Author: Mariana Orihuela
This week's Inclusion in Neuroscience topic was focused on learning to support historically excluded and marginalized research participants. To implement effective techniques that will help improve the B-RAD Lab’s work with these populations, the lab read an article about cultural and linguistic adaptations for families of people with disabilities (Sands et al., 2021) and watched a video on research distrust in historically marginalized groups due to previous violations of informed consent. While discussing these resources during our weekly lab meeting, the main themes that emerged were inclusion, language, and trust in research. Lab members mentioned how social media could be used to promote inclusion in research settings. They discussed how displaying participants’ reviews of research labs may increase transparency and verify the trustworthiness of a lab for future participants. Also, maintaining updated websites that clearly describe studies could provide potential participants an opportunity to investigate research labs before contacting a research lab to indicate their interest in study participation. To ensure that people from marginalized groups understand informed consent, cultural and language factors must be considered when recruiting participants from these populations and explaining informed consent; this is another way of establishing and maintaining trust in research. Before ending our discussion, the B-RAD lab agreed that to promote inclusion, they will be careful with their word choices, learn American Sign Language, prioritize reading and citing articles from diverse research teams, be transparent and clear about informed consent, and be considerate of their language tones.
Author: Danielle Raynor
For our weekly Inclusion in Neuroscience discussion, our lab members read the article “Do Different Kinds of Minds Need Different Kinds of Services? Qualitative Results from a Mixed-Method Survey of Service Preferences in Autistic Adults and Parents” written by Ariel M Cascio and Eric Racine. From this article, we learned that there are more inclusive and considerate ways to provide accommodations for the autistic community, such as advocating for services with multiple divisions that support each person’s specific needs. Additionally, we watched a video titled “Autism Service Dog Feature: Olivia's Story” that discussed a child's journey and how her service dog has helped her. This video describing Olivia’s story demonstrated that creating individualized services to accommodate an individual's needs can make a positive impact in their life.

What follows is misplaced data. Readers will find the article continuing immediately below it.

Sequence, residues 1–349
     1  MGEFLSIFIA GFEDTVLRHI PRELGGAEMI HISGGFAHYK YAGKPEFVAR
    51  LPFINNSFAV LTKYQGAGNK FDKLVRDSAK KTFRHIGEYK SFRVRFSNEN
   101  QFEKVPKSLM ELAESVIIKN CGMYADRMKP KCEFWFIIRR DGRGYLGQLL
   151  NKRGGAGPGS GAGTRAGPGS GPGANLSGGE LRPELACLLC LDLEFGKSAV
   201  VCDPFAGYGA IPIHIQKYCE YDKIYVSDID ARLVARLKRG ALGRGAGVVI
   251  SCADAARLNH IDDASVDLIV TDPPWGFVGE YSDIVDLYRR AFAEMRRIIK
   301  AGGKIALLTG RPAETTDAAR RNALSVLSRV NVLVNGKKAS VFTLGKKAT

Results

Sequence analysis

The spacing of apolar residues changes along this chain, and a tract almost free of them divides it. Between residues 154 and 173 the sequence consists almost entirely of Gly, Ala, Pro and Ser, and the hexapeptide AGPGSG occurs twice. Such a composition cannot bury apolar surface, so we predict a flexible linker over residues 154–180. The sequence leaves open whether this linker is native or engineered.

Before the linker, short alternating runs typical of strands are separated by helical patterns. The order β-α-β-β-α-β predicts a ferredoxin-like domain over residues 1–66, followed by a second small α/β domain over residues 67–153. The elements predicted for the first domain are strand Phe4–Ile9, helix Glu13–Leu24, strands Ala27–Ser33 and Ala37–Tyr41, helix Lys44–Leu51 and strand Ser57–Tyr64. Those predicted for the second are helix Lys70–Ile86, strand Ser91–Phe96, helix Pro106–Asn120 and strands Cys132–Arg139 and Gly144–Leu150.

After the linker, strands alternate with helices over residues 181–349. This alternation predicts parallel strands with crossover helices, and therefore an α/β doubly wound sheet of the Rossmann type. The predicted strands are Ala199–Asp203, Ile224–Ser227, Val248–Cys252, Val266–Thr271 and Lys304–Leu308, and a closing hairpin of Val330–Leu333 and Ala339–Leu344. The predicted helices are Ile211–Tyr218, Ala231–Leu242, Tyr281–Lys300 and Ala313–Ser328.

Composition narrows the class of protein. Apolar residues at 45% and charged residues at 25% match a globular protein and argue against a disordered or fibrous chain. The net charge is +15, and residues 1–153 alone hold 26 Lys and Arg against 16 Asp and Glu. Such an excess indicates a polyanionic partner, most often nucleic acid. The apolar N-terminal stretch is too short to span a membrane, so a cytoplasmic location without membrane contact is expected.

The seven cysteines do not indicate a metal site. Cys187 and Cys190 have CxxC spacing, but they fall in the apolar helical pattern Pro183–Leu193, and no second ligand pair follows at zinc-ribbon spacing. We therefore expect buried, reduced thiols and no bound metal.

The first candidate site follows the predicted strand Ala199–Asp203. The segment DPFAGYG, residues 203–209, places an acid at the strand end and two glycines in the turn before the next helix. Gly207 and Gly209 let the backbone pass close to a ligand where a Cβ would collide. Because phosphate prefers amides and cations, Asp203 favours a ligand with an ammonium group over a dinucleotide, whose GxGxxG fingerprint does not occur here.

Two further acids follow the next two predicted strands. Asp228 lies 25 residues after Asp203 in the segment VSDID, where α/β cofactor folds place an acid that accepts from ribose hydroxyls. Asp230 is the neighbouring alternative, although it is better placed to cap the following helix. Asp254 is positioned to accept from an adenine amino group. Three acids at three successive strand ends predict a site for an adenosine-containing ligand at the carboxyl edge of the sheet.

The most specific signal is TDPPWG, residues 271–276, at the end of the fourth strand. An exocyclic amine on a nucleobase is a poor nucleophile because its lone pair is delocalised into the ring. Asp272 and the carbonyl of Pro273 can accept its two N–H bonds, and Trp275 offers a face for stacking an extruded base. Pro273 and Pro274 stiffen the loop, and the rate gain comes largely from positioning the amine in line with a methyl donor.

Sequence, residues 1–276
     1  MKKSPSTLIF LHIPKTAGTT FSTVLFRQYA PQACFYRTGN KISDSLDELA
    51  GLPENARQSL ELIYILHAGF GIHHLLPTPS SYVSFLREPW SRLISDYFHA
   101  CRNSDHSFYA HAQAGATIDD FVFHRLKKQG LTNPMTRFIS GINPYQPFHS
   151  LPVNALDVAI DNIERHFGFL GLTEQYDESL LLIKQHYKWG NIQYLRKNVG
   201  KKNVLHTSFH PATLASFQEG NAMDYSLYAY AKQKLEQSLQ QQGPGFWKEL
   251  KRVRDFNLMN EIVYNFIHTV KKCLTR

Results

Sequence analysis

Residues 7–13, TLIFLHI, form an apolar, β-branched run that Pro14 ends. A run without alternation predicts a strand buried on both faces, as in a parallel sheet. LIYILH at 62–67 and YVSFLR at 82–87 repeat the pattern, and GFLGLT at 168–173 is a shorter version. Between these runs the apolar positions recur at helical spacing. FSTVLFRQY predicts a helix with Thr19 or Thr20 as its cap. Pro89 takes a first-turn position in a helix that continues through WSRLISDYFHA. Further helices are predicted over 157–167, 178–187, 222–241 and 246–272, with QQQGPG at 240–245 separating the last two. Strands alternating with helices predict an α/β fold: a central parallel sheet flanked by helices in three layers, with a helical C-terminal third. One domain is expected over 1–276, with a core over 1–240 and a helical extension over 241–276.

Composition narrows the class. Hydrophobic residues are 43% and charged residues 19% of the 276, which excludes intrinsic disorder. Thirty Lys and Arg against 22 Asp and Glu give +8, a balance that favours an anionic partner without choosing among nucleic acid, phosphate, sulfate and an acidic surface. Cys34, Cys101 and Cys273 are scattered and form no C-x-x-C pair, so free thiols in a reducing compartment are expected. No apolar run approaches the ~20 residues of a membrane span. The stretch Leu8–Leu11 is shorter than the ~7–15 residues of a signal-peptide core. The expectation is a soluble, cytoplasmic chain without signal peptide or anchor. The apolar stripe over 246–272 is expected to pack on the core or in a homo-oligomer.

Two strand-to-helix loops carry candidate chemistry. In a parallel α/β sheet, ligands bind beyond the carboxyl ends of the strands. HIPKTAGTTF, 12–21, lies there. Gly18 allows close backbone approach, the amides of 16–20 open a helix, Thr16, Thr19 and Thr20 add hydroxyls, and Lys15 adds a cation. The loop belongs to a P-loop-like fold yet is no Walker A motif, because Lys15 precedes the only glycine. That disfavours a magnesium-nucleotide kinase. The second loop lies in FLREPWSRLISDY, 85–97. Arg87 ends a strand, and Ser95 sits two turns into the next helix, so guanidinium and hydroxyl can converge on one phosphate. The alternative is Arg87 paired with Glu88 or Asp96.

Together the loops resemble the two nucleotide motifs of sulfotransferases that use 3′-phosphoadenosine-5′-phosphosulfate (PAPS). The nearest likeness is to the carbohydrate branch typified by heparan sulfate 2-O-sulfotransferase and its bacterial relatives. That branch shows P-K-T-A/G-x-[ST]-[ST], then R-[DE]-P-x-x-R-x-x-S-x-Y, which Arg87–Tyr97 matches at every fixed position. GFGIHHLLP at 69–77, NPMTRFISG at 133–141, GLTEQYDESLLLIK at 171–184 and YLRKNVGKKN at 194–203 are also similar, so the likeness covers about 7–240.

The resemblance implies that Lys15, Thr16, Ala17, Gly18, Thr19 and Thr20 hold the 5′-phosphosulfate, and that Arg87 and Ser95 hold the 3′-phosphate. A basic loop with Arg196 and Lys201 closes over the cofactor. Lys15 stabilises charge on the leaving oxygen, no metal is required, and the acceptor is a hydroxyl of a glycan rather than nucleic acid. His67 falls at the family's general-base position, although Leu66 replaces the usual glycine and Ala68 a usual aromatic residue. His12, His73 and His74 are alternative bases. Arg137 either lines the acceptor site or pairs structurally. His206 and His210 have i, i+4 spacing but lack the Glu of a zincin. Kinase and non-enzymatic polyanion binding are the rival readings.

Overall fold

In the lab’s group discussion, we emphasized that we should not generalize service preferences in participants, especially in autistic individuals. While some participants prefer “autism-specific services”, most participants in the study reported a preference for different services that cater to their own needs. As researchers, we cannot overgeneralize service preferences because autism is heterogeneous, and there is a wide spectrum of preferences. Neurodiverse individuals are vastly different, which is why our lab believes in understanding each person as an independent, unique individual and listening to their preferences and experiences. We also discussed how having services available in different environments is one of the most important aspects of service delivery, but this is currently an issue for many families. Availability of services for parents and their child varies based on geographic location and transportation. For example, the number of service options in many geographic locations do not match the density of autistic individuals in that same area needing services, which can lead to funding issues. Keeping possible roadblocks like this in mind, our lab has learned that we need to consider where the participants we work with are located and create plans for addressing these barriers. Lastly, we learned that although it is essential to consider and respect the needs of parents, we cannot gain true insight into the needs of autistic individuals just from parents' perspectives. It is crucial to also listen to autistic individuals. We want to support the autistic community by respecting their preferences and needs through individually focused services. We believe this is important in research and for working towards an inclusive society.